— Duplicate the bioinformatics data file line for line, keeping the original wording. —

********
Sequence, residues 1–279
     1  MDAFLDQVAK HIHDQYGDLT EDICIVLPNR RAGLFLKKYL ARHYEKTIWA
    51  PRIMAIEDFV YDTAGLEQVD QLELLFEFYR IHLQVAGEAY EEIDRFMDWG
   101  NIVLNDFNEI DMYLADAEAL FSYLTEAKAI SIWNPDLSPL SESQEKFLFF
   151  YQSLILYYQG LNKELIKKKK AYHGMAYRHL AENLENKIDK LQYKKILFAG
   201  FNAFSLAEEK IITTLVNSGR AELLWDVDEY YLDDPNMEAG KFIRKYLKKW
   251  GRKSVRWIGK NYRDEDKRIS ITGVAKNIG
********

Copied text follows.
Sequence, residues 1–279
     1  MDAFLDQVAK HIHDQYGDLT EDICIVLPNR RAGLFLKKYL ARHYEKTIWA
    51  PRIMAIEDFV YDTAGLEQVD QLELLFEFYR IHLQVAGEAY EEIDRFMDWG
   101  NIVLNDFNEI DMYLADAEAL FSYLTEAKAI SIWNPDLSPL SESQEKFLFF
   151  YQSLILYYQG LNKELIKKKK AYHGMAYRHL AENLENKIDK LQYKKILFAG
   201  FNAFSLAEEK IITTLVNSGR AELLWDVDEY YLDDPNMEAG KFIRKYLKKW
   251  GRKSVRWIGK NYRDEDKRIS ITGVAKNIG